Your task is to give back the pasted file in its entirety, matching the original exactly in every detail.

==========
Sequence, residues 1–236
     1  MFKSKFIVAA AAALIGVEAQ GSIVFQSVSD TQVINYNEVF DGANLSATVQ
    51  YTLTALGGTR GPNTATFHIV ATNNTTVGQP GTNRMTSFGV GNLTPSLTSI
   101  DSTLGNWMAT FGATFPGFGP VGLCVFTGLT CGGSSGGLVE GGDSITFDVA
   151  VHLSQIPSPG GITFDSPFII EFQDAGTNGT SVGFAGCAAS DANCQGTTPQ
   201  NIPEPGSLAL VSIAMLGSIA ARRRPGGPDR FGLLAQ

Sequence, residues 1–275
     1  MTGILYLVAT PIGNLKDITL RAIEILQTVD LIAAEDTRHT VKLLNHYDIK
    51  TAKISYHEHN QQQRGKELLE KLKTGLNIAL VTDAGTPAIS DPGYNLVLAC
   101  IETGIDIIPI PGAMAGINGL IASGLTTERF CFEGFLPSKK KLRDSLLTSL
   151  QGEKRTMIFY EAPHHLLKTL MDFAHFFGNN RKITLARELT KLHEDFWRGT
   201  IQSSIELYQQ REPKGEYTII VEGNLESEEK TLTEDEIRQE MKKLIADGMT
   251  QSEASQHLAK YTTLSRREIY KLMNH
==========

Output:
Sequence, residues 1–236
     1  MFKSKFIVAA AAALIGVEAQ GSIVFQSVSD TQVINYNEVF DGANLSATVQ
    51  YTLTALGGTR GPNTATFHIV ATNNTTVGQP GTNRMTSFGV GNLTPSLTSI
   101  DSTLGNWMAT FGATFPGFGP VGLCVFTGLT CGGSSGGLVE GGDSITFDVA
   151  VHLSQIPSPG GITFDSPFII EFQDAGTNGT SVGFAGCAAS DANCQGTTPQ
   201  NIPEPGSLAL VSIAMLGSIA ARRRPGGPDR FGLLAQ

Sequence, residues 1–275
     1  MTGILYLVAT PIGNLKDITL RAIEILQTVD LIAAEDTRHT VKLLNHYDIK
    51  TAKISYHEHN QQQRGKELLE KLKTGLNIAL VTDAGTPAIS DPGYNLVLAC
   101  IETGIDIIPI PGAMAGINGL IASGLTTERF CFEGFLPSKK KLRDSLLTSL
   151  QGEKRTMIFY EAPHHLLKTL MDFAHFFGNN RKITLARELT KLHEDFWRGT
   201  IQSSIELYQQ REPKGEYTII VEGNLESEEK TLTEDEIRQE MKKLIADGMT
   251  QSEASQHLAK YTTLSRREIY KLMNH